August 2014. . . A recent High Court decision has highlighted the Court’s ability to stay Court proceedings where some, but not all parties to the Court action are also parties to an arbitration relating to the same facts.

Danone Asia Pacific Holding Pte Limited & others v Fonterra Co-Operative Group Limited [2014] NZHC 1681 involved the well publicised botulism scare in which Fonterra milk powder exported to overseas consumers was thought to have been contaminated with the botulism toxin.  As a consequence, many millions of dollars worth of product had to be recalled.

Fonterra Co-Operative Group Limited (Fonterra) and Danone Asia Pacific Holding Pte Limited (Danone AP) were parties to a supply agreement under which milk powder and other products were supplied, to be used in the manufacture of end products including baby formula.  The supply agreement provided for arbitration in the event of a dispute, and also limited Fonterra’s liability in the event of a breach.

Danone AP and the seven other parties (all of whom were related to Danone AP) gave notice of a dispute and sought to invoke the arbitration process. While Danone AP was a party to the supply agreement prescribing arbitration, the other seven parties were not, and therefore had no right to be a party to that arbitration.

In addition to the commencement of the arbitration, Danone AP and the other seven parties commenced a High Court action against Fonterra.

Fonterra sought to stay the High Court proceeding arguing that it was a contrivance brought to embarrass Fonterra, and an attempt to evade the negotiated limitations of liability contained with the supply agreement it had with Danone AP.

It also resisted the High Court claim on pragmatic grounds, arguing that the same witnesses, documents and evidential inquiries would be involved in the arbitration as well as the Court proceeding.

The nub of the argument was that it would be a significant and unnecessary strain on both parties to be required to litigate the same matter simultaneously in two separate fora.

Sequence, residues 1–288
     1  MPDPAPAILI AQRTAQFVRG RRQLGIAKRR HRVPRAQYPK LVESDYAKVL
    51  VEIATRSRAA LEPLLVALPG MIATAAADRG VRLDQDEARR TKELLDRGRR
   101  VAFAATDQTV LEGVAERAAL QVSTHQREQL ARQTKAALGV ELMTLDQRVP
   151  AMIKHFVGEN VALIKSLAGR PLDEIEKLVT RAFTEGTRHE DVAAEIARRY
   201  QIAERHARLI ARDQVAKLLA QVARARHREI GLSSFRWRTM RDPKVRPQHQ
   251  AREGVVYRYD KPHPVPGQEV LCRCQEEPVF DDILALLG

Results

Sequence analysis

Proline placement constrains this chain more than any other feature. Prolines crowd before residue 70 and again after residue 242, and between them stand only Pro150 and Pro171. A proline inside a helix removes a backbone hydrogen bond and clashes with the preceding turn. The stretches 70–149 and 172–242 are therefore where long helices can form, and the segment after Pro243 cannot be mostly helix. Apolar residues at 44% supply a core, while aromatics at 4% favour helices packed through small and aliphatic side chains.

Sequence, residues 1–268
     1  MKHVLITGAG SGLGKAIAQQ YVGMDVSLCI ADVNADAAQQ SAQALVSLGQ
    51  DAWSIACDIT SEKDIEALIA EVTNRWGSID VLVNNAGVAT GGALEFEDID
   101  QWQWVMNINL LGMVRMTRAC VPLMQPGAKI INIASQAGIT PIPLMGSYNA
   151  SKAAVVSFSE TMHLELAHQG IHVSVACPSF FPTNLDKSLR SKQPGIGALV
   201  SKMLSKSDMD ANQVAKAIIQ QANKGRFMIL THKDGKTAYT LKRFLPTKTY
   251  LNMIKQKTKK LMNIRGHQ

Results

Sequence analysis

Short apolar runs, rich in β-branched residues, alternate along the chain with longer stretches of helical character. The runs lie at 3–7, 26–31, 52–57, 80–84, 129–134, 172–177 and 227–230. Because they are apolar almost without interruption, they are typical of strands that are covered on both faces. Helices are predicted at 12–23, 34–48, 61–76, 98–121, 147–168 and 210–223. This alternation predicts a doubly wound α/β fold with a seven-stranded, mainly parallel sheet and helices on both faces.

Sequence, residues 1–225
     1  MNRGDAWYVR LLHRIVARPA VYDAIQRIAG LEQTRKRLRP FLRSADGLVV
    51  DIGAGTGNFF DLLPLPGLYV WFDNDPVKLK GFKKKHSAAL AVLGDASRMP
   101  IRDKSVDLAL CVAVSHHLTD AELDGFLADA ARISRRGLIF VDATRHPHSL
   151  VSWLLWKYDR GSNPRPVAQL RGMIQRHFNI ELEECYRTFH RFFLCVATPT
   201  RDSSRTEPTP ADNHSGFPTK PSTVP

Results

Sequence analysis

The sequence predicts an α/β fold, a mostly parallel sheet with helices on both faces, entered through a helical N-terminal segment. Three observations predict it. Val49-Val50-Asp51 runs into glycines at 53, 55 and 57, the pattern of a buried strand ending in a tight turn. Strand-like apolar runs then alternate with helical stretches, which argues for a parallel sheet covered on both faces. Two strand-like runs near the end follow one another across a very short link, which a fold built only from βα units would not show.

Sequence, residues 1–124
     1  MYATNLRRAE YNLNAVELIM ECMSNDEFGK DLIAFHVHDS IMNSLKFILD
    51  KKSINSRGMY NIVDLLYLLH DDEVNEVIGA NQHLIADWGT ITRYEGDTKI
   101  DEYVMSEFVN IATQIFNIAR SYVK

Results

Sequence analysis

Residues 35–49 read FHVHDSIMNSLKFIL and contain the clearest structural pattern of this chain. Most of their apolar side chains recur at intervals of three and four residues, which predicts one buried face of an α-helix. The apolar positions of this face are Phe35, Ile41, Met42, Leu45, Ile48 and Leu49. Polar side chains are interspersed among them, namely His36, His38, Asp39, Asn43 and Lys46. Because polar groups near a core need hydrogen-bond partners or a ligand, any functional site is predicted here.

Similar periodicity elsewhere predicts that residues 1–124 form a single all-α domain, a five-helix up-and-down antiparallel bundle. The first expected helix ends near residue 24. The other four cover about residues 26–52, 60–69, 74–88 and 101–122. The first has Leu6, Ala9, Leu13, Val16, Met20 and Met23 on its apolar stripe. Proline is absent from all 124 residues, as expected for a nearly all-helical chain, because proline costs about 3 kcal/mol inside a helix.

Fonterra was also concerned that there would be a risk of inconsistent factual and legal findings if there were to be an arbitration, and a Court process running simultaneously.

Generally, where parties have agreed to an arbitration process, the Court can stay Court proceedings, and require the parties to undergo arbitration.

Significantly, the Court in this case ruled that even where the parties to the Court proceeding are not all parties to the arbitration, the Court retains jurisdiction to stay proceedings including for reasons of sensible case management. 

The Court noted that parties do not enjoy an unfettered right of access to the Courts; rather the Court is entitled to impose procedures that are appropriate in the circumstances having regard to the nature and content of the litigation as a whole.

The Judge cautioned that the jurisdiction to stay a Court proceeding should only be exercised in rare and compelling circumstances. Such circumstances would involve a real risk of unfairness or oppression to the defendant if the proceedings were allowed to continue.  Consideration of costs, convenience and interests of justice must weigh in favour of a stay.

The Judge analysed the allegations made in the Court proceedings against Fonterra and found that there was considerable overlap between what could be addressed through the arbitration, and what was proposed to be addressed through the Court proceedings.

Ultimately, the Court held that given the substantial degree of factual overlap between the claims in the Arbitration, and the High Court proceeding, it was not in the interests if justice for both claims to proceed in tandem.  Predominantly, this was for reasons of cost, convenience and justice which required the underlying facts of the dispute to be determined first.

The Court had real concerns that being involved in two proceedings simultaneously would result in a real duplication of resources, and inconsistent findings between the parties.

This decision reinforces the need to seek advice before the commencement of an action whether there are multiple parties, and the potential for some parties to be bound by an arbitration agreement.